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I say this only by observing my throughput reducing roughly 8 times compared to ConcurrentLinkedQueue. I guessed it was locking the whole thing internally just to offer thread safety. You are right though, it might as well be just worse performance compared to ConcurrentLinkedQueue. Which kind of beats the cause ;-) –  Yiannis Jul 31 '09 at 13:14
1  
Which ever queue you use, you are going to end up using a lock to support the waiting for a new entry. (unless you busy wait) The lock really isn't that expensive (about 0.5 micro-seconds for Lock) so if its a performance problem you may have a problem with your design, e.g. create less tasks/find a way to add less objects to the queue/batch up your work. –  Peter Lawrey Aug 1 '09 at 7:39
5  
As a note, if you want higher throughput, use drainTo() on your LinkedBlcokingQueue, we measured nearly 500% increased throughput on one of our app, instead of take()'ing one and one element off the queue –  nos Mar 2 '11 at 18:58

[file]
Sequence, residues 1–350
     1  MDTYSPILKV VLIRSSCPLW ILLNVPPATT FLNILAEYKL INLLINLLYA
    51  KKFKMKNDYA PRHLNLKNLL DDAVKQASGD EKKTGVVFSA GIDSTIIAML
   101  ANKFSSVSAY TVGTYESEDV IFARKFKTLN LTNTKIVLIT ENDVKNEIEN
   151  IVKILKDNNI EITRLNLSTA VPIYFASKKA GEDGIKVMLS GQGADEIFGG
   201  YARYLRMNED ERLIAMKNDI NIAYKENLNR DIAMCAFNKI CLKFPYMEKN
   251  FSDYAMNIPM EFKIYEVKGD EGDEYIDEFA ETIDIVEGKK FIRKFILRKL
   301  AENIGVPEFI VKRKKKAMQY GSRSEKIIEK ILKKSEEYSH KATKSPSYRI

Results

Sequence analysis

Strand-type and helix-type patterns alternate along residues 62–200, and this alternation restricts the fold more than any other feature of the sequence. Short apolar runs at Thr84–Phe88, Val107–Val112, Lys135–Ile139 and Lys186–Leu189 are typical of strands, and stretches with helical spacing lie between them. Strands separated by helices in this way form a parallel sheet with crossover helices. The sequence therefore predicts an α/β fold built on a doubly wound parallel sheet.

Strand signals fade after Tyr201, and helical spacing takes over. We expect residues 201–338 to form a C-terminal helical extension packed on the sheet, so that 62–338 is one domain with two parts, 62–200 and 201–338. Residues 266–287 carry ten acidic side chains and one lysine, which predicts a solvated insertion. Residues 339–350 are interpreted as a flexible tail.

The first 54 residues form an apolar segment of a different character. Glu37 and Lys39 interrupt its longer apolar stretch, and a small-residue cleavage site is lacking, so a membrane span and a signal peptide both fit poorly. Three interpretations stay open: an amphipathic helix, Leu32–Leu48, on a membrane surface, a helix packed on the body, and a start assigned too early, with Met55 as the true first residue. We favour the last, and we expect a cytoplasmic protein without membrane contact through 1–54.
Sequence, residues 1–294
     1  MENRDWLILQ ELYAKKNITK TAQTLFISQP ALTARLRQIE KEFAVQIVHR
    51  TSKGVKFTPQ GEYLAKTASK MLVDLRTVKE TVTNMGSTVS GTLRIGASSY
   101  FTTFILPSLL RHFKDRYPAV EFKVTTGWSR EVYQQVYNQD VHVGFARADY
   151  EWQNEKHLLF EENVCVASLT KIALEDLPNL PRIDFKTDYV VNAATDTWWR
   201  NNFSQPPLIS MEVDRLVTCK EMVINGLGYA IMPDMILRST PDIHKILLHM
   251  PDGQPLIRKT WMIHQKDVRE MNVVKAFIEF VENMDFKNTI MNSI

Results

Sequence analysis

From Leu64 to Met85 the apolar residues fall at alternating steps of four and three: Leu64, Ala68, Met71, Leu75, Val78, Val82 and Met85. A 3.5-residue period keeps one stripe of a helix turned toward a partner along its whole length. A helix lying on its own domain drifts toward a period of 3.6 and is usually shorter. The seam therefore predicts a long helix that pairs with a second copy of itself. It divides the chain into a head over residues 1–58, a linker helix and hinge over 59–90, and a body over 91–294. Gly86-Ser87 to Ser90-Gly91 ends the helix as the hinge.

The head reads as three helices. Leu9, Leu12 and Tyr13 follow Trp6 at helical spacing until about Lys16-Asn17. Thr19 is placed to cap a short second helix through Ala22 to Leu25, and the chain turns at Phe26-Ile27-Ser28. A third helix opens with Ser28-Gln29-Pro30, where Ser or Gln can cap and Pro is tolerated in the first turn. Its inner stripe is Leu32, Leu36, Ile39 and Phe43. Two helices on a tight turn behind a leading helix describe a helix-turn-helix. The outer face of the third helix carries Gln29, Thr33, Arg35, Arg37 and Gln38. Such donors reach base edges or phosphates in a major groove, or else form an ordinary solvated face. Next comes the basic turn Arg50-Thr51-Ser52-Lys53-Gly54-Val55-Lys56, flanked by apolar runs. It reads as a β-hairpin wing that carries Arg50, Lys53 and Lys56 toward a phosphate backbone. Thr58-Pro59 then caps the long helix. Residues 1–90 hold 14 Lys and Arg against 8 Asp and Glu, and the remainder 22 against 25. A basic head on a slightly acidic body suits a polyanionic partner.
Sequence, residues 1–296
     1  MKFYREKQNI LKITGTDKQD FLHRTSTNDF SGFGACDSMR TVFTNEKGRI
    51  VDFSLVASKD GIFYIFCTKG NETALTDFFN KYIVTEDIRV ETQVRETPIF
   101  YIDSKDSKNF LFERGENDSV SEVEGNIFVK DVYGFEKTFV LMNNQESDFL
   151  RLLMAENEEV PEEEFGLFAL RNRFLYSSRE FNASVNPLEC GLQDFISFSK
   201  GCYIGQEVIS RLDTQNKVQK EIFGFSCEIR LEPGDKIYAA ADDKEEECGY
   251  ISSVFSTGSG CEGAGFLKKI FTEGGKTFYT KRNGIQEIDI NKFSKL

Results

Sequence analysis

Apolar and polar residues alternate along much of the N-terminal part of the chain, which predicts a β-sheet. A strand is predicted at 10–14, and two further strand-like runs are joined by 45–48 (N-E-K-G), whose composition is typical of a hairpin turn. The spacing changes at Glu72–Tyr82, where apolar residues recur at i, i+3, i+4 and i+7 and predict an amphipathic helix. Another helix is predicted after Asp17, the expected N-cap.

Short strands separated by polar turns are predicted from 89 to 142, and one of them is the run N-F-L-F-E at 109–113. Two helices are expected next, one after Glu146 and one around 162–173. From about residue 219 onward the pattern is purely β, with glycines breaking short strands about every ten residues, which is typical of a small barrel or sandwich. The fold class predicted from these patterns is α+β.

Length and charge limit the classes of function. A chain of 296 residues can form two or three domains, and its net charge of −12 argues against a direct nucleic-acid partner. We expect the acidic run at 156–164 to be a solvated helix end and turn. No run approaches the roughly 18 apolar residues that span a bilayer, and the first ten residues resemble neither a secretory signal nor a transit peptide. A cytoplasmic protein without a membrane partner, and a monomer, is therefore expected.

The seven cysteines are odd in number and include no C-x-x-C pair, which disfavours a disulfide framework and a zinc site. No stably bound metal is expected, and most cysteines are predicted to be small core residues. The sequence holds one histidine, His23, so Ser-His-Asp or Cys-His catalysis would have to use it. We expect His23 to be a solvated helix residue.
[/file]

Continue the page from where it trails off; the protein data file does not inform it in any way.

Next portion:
Similar to this answer http://stackoverflow.com/a/1212515/1102730 but a bit different.. I ended up using an ExecutorService. You can instantiate one by using Executors.newSingleThreadExecutor(). I needed a concurrent queue for reading/writing BufferedImages to files, as well as atomicity with reads and writes. I only need a single thread because the file IO is orders of magnitude faster than the source, net IO. Also, I was more concerned about atomicity of actions and correctness than performance, but this approach can also be done with multiple threads in the pool to speed things up.

To get an image (Try-Catch-Finally omitted):

Future<BufferedImage> futureImage = executorService.submit(new Callable<BufferedImage>() {
    @Override
        public BufferedImage call() throws Exception {
            ImageInputStream is = new FileImageInputStream(file);
            return  ImageIO.read(is);
        }
    })

image = futureImage.get();

To save an image (Try-Catch-Finally omitted):

Future<Boolean> futureWrite = executorService.submit(new Callable<Boolean>() {
    @Override
    public Boolean call() {